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A Community of Contrasts - Midwest Demographic Report

Sep 25, 2012

“A COMMUNITY OF CONTRASTS” REPORT DOCUMENTS GROWTH, POLITICAL POWER, ECONOMIC ISSUES OF ASIAN AMERICANS IN THE MIDWEST

CHICAGO—The Asian American Center for Advancing Justice (“Advancing Justice”) released today— A Community of Contrasts: Asian Americans, Native Hawaiians and Pacific Islanders in the Midwest, 2012—one of the most comprehensive reports on Asian Americans, Native Hawaiians, and Pacific Islanders (NHPI) in the 12 states that comprise the Midwest. A Community of Contrasts provides detailed data based on Census 2010 and other sources, including disaggregated data for 20 Asian American and NHPI subgroups. The report shows a rapidly-growing community that faces different socio-economic challenges across ethnic groups and provides concrete policy recommendations addressing the specific needs of this diverse and complex community.

“Asian Americans, Native Hawaiians and Pacific Islanders comprise an incredibly diverse community and we are fortunate that the decennial Census now captures data reflective of this diversity,” said Stewart Kwoh, executive director of the Asian Pacific American Legal Center, the principle researcher for the report. “We hope that this new Midwest report will help community groups and policy makers address the great variation across Asian American and NHPI ethnic groups in everything from immigration and naturalization rates to poverty, income and education rates.”

The report was released in Chicago during Asian American and Pacific Islander Communities on the Rise, the fourth annual Advancing Justice Conference, held in the Midwest for the first time this year.  Key Illinois highlights in the report include:

  • Population growth: Asian American population in the Chicago metro area grew 39 percent. More than 580,000 Asian Americans and nearly 10,000 NHPIs now live in the Chicago metro area.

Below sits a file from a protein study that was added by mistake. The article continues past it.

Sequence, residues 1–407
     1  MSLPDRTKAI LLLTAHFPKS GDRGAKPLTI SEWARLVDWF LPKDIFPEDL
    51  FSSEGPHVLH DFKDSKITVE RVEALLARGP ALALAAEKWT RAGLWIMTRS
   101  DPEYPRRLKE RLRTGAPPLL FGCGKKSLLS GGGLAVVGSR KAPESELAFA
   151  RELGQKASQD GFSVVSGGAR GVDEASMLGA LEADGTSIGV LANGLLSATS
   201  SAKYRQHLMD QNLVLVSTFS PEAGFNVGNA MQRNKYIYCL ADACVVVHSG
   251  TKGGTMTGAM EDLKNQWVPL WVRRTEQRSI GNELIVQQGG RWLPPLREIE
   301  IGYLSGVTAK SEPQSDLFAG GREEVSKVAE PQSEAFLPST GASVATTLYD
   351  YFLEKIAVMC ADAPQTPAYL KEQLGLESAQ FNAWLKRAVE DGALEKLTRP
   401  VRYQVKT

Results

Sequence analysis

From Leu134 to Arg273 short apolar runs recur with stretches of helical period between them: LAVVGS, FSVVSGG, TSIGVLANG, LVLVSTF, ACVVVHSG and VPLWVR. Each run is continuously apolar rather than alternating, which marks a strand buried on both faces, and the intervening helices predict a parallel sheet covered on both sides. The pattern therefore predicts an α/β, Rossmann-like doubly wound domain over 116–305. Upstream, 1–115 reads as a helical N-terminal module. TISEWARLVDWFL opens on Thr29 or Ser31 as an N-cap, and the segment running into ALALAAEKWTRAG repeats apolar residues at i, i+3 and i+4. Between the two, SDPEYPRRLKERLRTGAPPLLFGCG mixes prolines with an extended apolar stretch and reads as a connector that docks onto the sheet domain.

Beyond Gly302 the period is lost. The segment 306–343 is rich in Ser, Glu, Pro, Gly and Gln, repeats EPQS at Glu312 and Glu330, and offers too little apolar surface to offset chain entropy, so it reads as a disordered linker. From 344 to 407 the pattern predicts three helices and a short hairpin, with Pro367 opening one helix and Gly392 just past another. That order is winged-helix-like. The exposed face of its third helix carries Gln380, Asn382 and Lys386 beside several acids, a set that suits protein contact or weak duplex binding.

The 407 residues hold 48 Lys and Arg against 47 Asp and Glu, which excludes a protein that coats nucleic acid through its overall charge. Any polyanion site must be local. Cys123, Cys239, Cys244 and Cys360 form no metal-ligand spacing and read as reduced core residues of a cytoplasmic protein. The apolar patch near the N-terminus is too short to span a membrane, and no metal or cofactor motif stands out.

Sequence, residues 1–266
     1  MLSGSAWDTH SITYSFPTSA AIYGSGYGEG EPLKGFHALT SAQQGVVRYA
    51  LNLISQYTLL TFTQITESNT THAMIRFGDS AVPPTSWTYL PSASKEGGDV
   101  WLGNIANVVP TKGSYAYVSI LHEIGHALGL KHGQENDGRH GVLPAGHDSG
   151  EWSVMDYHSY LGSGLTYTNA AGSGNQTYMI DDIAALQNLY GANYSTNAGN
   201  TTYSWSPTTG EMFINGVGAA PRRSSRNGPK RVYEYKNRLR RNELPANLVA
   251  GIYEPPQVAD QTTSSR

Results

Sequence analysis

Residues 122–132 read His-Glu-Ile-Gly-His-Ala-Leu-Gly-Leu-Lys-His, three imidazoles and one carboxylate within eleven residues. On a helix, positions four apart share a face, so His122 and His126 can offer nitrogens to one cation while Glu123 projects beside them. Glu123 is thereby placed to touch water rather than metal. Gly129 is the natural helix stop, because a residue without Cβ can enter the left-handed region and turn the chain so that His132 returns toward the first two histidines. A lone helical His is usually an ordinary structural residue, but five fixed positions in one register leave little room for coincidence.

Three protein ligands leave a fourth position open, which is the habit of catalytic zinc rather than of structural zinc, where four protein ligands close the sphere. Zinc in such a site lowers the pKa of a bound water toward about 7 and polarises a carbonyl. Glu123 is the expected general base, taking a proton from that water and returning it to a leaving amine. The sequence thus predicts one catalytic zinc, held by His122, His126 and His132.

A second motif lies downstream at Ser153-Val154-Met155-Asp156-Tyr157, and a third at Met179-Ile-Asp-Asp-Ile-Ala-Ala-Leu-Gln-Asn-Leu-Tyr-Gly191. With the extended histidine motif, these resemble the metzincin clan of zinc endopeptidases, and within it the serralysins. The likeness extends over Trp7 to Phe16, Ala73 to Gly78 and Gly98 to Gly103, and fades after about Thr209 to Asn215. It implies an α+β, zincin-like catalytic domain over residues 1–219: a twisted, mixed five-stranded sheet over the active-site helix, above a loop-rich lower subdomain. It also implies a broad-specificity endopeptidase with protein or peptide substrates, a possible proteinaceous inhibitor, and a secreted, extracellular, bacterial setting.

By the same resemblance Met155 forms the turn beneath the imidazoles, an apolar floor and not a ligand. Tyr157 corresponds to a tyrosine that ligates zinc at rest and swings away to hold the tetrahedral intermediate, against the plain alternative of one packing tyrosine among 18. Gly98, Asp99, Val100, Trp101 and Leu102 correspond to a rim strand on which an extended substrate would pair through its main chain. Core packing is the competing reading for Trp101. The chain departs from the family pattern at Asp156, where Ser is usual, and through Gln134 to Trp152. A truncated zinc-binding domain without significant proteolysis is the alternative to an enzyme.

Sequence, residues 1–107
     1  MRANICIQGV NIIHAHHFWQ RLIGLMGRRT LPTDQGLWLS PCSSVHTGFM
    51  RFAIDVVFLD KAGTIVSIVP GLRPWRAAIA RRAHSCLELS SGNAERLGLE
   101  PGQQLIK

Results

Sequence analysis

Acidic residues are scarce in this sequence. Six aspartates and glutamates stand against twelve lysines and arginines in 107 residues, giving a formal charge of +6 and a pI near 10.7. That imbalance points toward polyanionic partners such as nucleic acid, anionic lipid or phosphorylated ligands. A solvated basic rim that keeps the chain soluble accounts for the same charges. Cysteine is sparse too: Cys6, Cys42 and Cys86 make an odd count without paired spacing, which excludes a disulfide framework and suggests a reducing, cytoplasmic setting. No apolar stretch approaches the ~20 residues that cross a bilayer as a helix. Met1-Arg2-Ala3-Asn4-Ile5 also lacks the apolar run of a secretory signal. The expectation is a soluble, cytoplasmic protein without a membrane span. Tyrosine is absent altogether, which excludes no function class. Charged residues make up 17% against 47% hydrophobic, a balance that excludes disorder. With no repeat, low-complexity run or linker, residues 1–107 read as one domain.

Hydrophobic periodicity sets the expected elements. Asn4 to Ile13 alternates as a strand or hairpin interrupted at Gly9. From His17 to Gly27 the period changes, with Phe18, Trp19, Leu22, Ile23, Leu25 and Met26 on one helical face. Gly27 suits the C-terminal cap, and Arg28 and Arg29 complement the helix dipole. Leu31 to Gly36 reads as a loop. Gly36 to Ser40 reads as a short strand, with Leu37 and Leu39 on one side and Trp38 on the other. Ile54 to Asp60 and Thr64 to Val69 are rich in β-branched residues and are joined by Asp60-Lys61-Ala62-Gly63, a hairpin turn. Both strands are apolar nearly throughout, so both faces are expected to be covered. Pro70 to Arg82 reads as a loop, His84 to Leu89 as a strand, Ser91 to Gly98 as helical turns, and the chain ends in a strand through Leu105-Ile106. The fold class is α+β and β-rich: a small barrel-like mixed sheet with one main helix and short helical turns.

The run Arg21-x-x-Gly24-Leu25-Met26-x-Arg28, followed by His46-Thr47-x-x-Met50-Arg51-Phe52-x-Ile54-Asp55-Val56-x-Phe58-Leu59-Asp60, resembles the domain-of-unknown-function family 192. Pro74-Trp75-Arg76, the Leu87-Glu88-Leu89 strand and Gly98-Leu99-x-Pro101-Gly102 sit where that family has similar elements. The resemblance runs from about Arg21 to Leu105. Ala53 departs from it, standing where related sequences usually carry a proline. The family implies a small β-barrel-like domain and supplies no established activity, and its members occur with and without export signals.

• Civic engagement: Approximately 58 percent of Asian American immigrants in the Chicago metro area are citizens of the United States. Asian American voter registration in Illinois increased 53 percent between 2000 and 2008, the largest growth in voter registration among all racial groups.
  • Economic contributions and struggles: Asian American entrepreneurs in Illinois own more than 59,000 businesses, employing nearly 103,000 people with an annual payroll of nearly $3.2 billion, and Asian American-owned firms employ more people and dispense more in payroll than firms owned by most other racial groups. On the other hand, between 2007 and 2010, the number of unemployed Asian Americans in Illinois grew 200 percent, a rate higher than any other racial group statewide.

“Chicago’s shifting ethnic landscape mirrors what’s happening across the nation, so it’s important to think carefully about what our changing community means for city and state services in areas such as language access,” said Tuyet Le, executive director of the Asian American Institute.

Also of note in this election year is the increasing power of the Asian American electorate in the Midwest. Politically, Asian Americans in the Midwest are now the fastest-growing group of voters amongst all racial groups, and representation is increasing. Asian Americans now make up 26 percent of the voting age population (VAP) in Illinois State House District 16, 23 percent of VAP in State House District 2, and 21 percent of VAP in State House District 15.

“Asian Americans are the fastest growing racial group in the U.S. with a 47 percent increase in growth in the Midwest since 2000,” said Mee Moua, president and executive director of Asian American Justice Center. “This growth can be seen most directly by the community’s increase in engagement and influence on the local and state level, as well in congressional and presidential elections.”

The 12 states covered in the report include: Illinois, Indiana, Iowa, Kansas, Michigan, Minnesota, Missouri, Nebraska, North Dakota, Ohio, South Dakota, and Wisconsin. A Community of Contrasts was made possible in part, by the generous support of Bank of America, Wallace H. Coulter Foundation, and Cyrus Chung Ying Tang Foundation.